The Basics of Discipleship

What are the basics of Christian discipleship? Well, let’s start at the very beginning. First, you must accept Jesus Christ as your personal Savior. You cannot be a Christian disciple unless, first, you are a Christian. You cannot follow Jesus as His disciple unless you have a personal relationship with Him.

How can you begin to have a personal relationship with Jesus Christ? You must accept Jesus Christ into your heart as your Savior.

If you never accepted Jesus Christ as your Savior, then pay attention to the outline in the column on the right.

  • Admit to God that you are a sinner.
  • Believe in Lord Jesus Christ
  • Confess the Lord Jesus

Accept Jesus Christ as your Savior and you have taken the first step toward Christian discipleship.

The Basics of Discipleship

What’s next? Well, the Bible gives us five basic disciplines that help us form a strong foundation for discipleship. They are abiding in Christ, prayer, Bible study, fellowship, and witnessing. Let’s learn a bit more about each of these disciplines.

  • Abiding in Christ — you cannot have a living, personal relationship with Jesus unless you abide in Him. “Abiding” means staying close to Jesus at all times. Jesus uses the example of a grape vine and its branches to describe the importance of abiding. Jesus said, “Abide in Me, and I in you. As the branch cannot bear fruit of itself unless it abides in the vine, so neither can you unless you abide in Me. I am the vine, you are the branches; he who abides in Me and I in him, he bears much fruit, for apart from Me you can do nothing. . . . My Father is glorified by this, that you bear much fruit, and so prove to be My disciples.” (John 15: 4-5, 8 ESV)
  • Prayer — prayer is having a conversation with God. You cannot be a Christian disciple apart from prayer. Jesus knew the importance of prayer. He taught His disciples how to pray (see Matthew 6: 9-13 and Luke 11: 1-4). The apostle Paul also knew the importance of prayer. He wrote the following exhortation to the Ephesians, “Praying at all times in the Spirit, with all prayer and supplication. To that end, keep alert with all perseverance, making supplication for all the saints, and also for me.” Ephesians 6: 18-19 (ESV)
  • Bible Study — the Bible is the foundation and the authority for Christian discipleship. Yes, the Holy Spirit and prayer provide the power for Christian living but the Bible tells us where to find that power and how to become powerful ourselves through Jesus Christ. The Bible says this in II Timothy 3: 16-17, “All Scripture is breathed out by God and profitable for teaching, for reproof, for correction, and for training in righteousness, that the man of God may be complete, equipped for every good work. (ESV)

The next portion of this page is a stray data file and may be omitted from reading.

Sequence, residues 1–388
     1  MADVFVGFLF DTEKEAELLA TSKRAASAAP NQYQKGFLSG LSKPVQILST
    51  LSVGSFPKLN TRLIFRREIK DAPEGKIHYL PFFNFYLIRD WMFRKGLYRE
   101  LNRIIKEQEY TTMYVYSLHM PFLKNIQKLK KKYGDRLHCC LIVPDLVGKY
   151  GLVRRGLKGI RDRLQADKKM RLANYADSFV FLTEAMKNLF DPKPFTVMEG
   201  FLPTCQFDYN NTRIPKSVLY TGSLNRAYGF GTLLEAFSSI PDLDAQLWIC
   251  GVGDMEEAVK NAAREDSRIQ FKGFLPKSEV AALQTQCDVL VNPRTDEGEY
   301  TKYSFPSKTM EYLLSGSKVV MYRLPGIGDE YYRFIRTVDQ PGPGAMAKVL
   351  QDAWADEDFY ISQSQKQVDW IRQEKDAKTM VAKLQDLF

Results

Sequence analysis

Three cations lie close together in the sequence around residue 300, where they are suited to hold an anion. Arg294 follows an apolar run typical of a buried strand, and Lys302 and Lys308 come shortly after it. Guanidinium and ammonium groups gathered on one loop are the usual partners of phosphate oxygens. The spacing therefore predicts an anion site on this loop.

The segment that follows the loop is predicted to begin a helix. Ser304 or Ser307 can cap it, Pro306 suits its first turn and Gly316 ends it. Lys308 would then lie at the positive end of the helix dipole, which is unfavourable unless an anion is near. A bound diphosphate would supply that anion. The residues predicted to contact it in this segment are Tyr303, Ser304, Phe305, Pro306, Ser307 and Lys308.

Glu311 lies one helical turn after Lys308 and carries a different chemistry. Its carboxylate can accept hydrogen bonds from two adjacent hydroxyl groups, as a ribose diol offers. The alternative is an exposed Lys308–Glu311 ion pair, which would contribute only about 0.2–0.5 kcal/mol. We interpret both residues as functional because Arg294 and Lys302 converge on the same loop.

• Witnessing — witnessing (sharing the gospel with the lost) is essential for the growth of the Kingdom of God. Jesus taught His disciples how to witness. Witnessing is that important. In addition, Jesus’ final words on earth commanded His followers to make disciples. According to Matthew 28: 18-20, “Jesus came and said to them, ‘All authority in heaven and on earth has been given to me.  Go therefore and make disciples of all nations, baptizing them in the name of the Father and of the Son and of the Holy Spirit, teaching them to observe all that I have commanded you. And behold, I am with you always, to the end of the age.’ (ESV)
  • Fellowship — What is fellowship? Is it just parties or coffee between church services or potluck dinners? No, Christian fellowship consists of much more than that. Christians are required to care for each other. Galatians 6: 2 tells us, “Bear one another’s burdens, and so fulfill the law of Christ.” (ESV) God intended the church to be a body of believers that is defined by love and caring for each other.